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My Life Lessons Learned From Playing Guitar
First, even though the guitar was my first passion and I went on to achieve success in the music space at a young age, eventually, as life changed, so did my focus…
- Economics etc.
But regardless of where my priorities took me, the one constant that always ensured success in other areas of life was the lesson’s taught to me by the guitar.
Read on as we look at some of these concepts and see if they can add value to you, the reader.
First, Why Play The Guitar?
Is this a passion project?
Is this a hobby, or are you just curious about the instrument?
Outside of the fact that the guitar is one of the most impressive instruments, it is also an instrument that will lead you down a journey of self-discovery with highs and lows, triumphs and defeats.
Les Paul was an American guitarist, songwriter, luthier, inventor, and pioneer of the solid-body electric guitar. He inspired the Gibson Les Paul, taught himself how to play, and described the instrument as…
“A guitar is something you can hold and love, and it’s never going to bug you.
But here’s the secret about the guitar, it’s defiant.
it will never let you conquer it.
The more you get involved with it, the more you realize how little you know.”
Every setback might be the very thing that makes you carry on and fight all the harder and become much better.”
Whatever your reason for picking up a guitar, you are not alone.
Fender And Their Best Years In Sales
Fender’s guitar company CEO Andy Mooney was concerned with his company looking like they were going to be in for a rough ride during the pandemic and went on to say…
“We were looking over the edge of an abyss frankly and went into company preservation mode; we just tightened our belt with 2000 employees taking 50% pay cuts.”
Fortunately, people had time and decided to invest in the guitar. Fender went on to grow their company profits by 17% during the 2020 pandemic and topped 700 million in sales as people homebound were looking for new hobbies or interests.
Life Lesson 1
Follow Your Nose
Regardless of why you started playing guitar, the life lesson here is to look at things that attract your interest or curiosity, wherever they may lead.
Ask questions, and search for answers, genuinely look to want to know more about something, embrace the unfamiliar, make discoveries, experience growth and uncover new opportunities.
Research has proven that curiosity is linked to happiness, health and longevity.
“Curiosity is more important than knowledge.”
Creating Something From Nothing
As soon as you pick up a guitar, plug it in and strum, it’s making noise; now the trick is to make the noise that sounds good.
You now have to create an intangible to a tangible like…
- Playing your favourite songs or solos
- Learning the fretboard
- Chords, scales, picking etc.
How do you create something from nothing?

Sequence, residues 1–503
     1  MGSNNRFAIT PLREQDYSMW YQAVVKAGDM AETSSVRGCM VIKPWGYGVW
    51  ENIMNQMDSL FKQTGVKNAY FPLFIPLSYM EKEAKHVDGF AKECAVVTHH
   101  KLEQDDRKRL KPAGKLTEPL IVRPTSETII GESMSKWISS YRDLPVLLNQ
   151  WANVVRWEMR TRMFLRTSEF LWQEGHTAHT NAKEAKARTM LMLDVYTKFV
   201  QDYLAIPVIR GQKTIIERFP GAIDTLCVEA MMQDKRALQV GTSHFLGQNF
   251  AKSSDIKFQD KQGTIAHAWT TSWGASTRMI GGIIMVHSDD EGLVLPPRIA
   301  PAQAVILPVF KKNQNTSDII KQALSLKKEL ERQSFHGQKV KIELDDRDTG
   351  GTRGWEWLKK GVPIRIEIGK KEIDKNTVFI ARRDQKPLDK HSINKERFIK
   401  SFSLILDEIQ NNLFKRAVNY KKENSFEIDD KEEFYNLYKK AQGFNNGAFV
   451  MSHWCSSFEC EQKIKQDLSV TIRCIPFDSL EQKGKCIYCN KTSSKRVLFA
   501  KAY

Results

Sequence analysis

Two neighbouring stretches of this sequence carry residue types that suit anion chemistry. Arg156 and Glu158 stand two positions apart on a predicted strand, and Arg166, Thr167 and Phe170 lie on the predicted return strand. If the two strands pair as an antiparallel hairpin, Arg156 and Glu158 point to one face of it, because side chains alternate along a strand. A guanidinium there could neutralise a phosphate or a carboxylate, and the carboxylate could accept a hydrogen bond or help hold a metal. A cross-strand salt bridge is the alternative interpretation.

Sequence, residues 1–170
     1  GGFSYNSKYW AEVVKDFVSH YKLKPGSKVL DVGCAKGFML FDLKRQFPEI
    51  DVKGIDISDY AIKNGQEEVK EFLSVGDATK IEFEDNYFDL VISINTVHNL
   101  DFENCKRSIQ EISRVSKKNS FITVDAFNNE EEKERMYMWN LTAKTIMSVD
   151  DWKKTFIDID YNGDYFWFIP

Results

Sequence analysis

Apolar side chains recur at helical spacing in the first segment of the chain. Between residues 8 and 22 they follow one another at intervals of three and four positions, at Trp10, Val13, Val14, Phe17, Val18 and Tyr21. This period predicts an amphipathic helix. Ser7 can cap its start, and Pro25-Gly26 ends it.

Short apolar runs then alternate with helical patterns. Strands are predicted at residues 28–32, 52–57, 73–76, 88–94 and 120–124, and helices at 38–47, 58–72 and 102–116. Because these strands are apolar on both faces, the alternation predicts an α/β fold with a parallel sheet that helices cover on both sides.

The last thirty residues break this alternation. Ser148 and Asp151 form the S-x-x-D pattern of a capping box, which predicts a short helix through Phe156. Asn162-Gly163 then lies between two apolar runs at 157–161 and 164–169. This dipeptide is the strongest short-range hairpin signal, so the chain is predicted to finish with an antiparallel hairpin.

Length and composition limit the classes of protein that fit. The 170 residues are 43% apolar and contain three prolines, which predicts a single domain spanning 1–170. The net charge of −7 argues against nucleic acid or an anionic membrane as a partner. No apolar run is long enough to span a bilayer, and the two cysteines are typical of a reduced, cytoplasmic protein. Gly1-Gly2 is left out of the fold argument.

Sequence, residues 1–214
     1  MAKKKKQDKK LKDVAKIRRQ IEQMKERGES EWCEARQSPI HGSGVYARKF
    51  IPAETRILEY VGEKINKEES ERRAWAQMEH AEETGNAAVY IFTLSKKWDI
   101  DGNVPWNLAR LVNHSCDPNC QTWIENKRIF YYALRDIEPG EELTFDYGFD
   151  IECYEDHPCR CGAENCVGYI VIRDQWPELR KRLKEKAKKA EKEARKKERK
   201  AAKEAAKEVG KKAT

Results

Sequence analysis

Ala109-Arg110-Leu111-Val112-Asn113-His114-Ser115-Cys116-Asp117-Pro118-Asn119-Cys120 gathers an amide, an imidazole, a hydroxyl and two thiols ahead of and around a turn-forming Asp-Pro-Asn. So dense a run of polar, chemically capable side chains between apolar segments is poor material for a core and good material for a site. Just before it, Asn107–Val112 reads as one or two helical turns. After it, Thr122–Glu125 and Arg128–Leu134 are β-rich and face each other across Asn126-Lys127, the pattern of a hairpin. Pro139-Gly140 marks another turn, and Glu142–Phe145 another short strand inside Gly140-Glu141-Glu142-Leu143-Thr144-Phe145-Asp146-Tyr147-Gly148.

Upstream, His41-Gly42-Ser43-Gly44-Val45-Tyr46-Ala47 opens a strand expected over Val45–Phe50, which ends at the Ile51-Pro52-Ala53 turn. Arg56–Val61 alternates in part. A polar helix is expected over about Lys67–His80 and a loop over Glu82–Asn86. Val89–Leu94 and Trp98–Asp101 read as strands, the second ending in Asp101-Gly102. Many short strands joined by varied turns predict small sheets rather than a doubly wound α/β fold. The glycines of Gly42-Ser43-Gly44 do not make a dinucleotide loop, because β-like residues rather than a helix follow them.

Learning Anything Has Never Been Easier
Nowadays, learning anything is at the touch of your fingers and can be accomplished with Persistence, focus and dedication for FREE.
‘Everything is available basically for free.”
you can learn anything you want… for free.”
Learning can also get done through…
- U-tube videos
- Web-based education platforms
What’s excellent about web-based learning today is you can access so many “authorities” that were impossible to spend time with not so long ago.
For instance, I can learn, listen and watch players like Marty Friedman talk about his approach to chord tone targeting or Steve Vai on techniques, theories and motivation.
Amazing stuff …
This could not have been done a few years ago.
New Small Habits
Unfortunately, because the instrument is so touch-sensitive, playing guitar can only happen by creating small new habits that support the image of what you want to do and become, then working backward.
I.e. I want to play guitar like…
More often than not, outside of learning some licks, to start, you will eventually need to go into some form of structured finger exercises that will strengthen your left-hand dexterity, along with picking techniques that will support your right hand, achieving a level of skill to play the music that sounds good to you.
Life Lesson 2
Create opportunities for yourself without waiting on someone or something else. (Something from nothing.)
Along with taking advantage of the ability to learn anything about a topic that you are interested or involved in from the accessible sources we all have at our fingertips.
Apply small new habits for faster growth and abilities.
Self Discipline & Focus
This is so important that if you do not develop some form of Self Discipline, it will be impossible to achieve what you can be as a musician.
This paradigm and way of living will make you a better guitarist, or anything for that matter.
It takes discipline for the priorities in your world, and learning a guitar will take up some of that time.
Self Discipline is the hours, weeks, months, and years of concentrated work in a particular direction.
It is a learned behaviour through practice and taking action every day.
Along with Self Discipline, there is also the ability to focus on something for a sustained period with an amount of effort on a single outcome.
I.e. How to play a favourite lick across the fretboard.
To accomplish this, focusing and being distraction-free for the time you are engaged is essential; the more you can stay free of distraction and focus, the easier you can resolve critical issues, push forward with applied learning, and grow your skills.